Cape of Storms

Nina Berberova, Author, Marian Schwartz, Translator New Directions Publishing Corporation $23.95 (244p) ISBN 978-0-8112-1416-2
Originally published in 1951 as a serial in Novyi Zhurnal, Soviet Russia's principal literary journal, Berberova's epic novel is a dark Little Women, a feminine Brothers Karamazov. Three half-sisters, each of whom emigrated from the Soviet Union to France at various times to live with their father Tiagin, an ex-colonel in the Russian army, take turns describing their lives in Paris on the brink of WWII. Dasha, who as a small girl saw her mother brutally murdered by Bolsheviks, cuts short a potentially mystical destiny by marrying a dull banker. The beautiful Sonia buries herself alive with cynicism and contempt. Zai, the youngest, is the most hopeful of the bunch, confusedly waffling between passions for boyfriends, family members, poetry and acting. As explained in the book's epigraph, the title refers to the Cape of Good Hope, discovered in 1486 by Bartholomeu Dias; Dias called it the Cape of Storms because he failed to sail around it. Similarly, the sisters never manage to realize or even fully articulate their respective dreams. Berberova, herself an migr who was best known in her lifetime for her memoirs and criticism and recognized posthumously for The Ladies of St. Petersburg and The Book of Happiness, works of fiction also translated by Schwartz, excels at switching between voices and moods. Each woman's personality is artfully distinguished, the existential odes to solitude leavened with doses of pointed humor. At one point, just after Sonia decides, ""I had nothing in common with this city, this country, this continent, this planet, and never would,"" she wonders, ""Should I have a glass of wine in the corner caf ... Or should I order coffee?"" Available in English for the first time, this is a work of high literary merit. (Nov.)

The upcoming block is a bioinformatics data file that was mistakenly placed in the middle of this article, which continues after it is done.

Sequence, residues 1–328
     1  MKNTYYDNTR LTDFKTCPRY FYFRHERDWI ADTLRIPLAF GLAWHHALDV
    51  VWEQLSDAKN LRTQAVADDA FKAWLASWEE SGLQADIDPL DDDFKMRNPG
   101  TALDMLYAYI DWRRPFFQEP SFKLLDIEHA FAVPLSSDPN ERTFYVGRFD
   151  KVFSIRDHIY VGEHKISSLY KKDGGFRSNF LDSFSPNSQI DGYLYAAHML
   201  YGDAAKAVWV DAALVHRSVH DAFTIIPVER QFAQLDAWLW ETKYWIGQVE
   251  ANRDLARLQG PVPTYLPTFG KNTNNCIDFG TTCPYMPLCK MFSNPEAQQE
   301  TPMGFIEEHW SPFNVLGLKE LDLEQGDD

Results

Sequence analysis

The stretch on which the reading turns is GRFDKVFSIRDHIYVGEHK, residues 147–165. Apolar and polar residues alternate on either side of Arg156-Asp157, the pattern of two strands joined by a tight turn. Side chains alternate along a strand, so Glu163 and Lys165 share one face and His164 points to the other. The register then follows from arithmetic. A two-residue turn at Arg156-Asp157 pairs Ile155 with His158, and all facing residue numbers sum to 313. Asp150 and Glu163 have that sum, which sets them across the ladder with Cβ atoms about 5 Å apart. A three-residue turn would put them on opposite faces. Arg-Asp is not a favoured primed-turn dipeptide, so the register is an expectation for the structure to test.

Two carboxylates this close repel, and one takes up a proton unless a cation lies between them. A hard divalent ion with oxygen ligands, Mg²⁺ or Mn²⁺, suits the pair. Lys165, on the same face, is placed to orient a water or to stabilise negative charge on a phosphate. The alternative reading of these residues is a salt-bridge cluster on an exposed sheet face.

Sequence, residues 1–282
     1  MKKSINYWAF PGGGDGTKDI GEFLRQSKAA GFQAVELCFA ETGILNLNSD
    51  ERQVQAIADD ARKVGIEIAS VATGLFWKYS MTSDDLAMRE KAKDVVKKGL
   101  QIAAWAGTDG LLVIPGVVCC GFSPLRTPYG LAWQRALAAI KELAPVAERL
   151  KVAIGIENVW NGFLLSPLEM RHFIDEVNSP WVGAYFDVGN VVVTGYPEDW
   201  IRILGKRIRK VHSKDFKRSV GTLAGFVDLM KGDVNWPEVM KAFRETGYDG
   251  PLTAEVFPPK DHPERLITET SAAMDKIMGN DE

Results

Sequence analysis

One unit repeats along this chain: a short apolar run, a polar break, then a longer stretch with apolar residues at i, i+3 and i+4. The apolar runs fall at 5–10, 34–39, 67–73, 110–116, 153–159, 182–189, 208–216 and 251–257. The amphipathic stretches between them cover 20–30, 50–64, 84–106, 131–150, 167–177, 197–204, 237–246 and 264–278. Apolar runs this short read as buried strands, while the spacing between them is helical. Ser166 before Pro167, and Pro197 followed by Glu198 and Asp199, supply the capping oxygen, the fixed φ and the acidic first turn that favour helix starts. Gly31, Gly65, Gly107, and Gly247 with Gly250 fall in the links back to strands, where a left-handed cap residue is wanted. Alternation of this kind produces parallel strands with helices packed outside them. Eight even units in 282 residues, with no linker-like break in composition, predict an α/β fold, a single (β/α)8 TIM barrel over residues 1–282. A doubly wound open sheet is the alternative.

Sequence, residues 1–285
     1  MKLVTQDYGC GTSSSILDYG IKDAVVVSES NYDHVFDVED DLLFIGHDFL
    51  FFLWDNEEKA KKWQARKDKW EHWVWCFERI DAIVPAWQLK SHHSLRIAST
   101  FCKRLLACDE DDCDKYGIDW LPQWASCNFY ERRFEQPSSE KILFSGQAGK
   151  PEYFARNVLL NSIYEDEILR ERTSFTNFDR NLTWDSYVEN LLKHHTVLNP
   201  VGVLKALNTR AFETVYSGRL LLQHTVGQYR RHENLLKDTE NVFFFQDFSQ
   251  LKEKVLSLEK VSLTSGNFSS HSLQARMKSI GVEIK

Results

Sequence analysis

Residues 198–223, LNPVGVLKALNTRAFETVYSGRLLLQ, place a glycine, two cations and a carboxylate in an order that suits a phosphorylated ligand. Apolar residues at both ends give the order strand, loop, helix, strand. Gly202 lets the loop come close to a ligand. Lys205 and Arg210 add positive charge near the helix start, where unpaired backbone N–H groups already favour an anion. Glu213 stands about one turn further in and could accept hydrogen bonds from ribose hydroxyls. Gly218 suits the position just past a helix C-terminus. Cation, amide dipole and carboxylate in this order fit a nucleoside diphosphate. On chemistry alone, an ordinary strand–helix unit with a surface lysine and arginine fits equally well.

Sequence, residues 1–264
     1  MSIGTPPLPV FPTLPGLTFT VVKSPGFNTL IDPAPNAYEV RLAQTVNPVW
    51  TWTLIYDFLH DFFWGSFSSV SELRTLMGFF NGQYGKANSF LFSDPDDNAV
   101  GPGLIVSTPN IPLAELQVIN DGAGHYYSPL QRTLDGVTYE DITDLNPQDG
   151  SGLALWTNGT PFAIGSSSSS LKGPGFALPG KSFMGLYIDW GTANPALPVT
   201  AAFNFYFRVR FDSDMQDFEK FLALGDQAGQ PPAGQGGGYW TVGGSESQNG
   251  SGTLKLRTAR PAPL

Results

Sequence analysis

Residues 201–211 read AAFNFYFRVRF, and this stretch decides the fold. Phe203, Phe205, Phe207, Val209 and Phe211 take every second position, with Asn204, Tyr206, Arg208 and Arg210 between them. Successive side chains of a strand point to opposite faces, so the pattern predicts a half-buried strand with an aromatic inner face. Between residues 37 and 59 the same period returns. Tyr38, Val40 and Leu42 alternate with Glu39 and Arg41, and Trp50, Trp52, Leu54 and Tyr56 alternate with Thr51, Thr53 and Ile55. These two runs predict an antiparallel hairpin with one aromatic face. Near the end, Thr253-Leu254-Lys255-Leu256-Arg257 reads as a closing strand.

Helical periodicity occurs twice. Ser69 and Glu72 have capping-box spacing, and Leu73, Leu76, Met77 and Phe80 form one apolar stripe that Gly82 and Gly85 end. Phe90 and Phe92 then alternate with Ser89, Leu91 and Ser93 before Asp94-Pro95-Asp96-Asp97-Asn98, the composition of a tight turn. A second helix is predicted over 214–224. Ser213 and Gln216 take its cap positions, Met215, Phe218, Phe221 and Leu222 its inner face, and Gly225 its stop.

Reviewed on: 11/01/1999
Release date: 11/01/1999
Genre: Fiction
Paperback - 256 pages - 978-0-8112-1765-1
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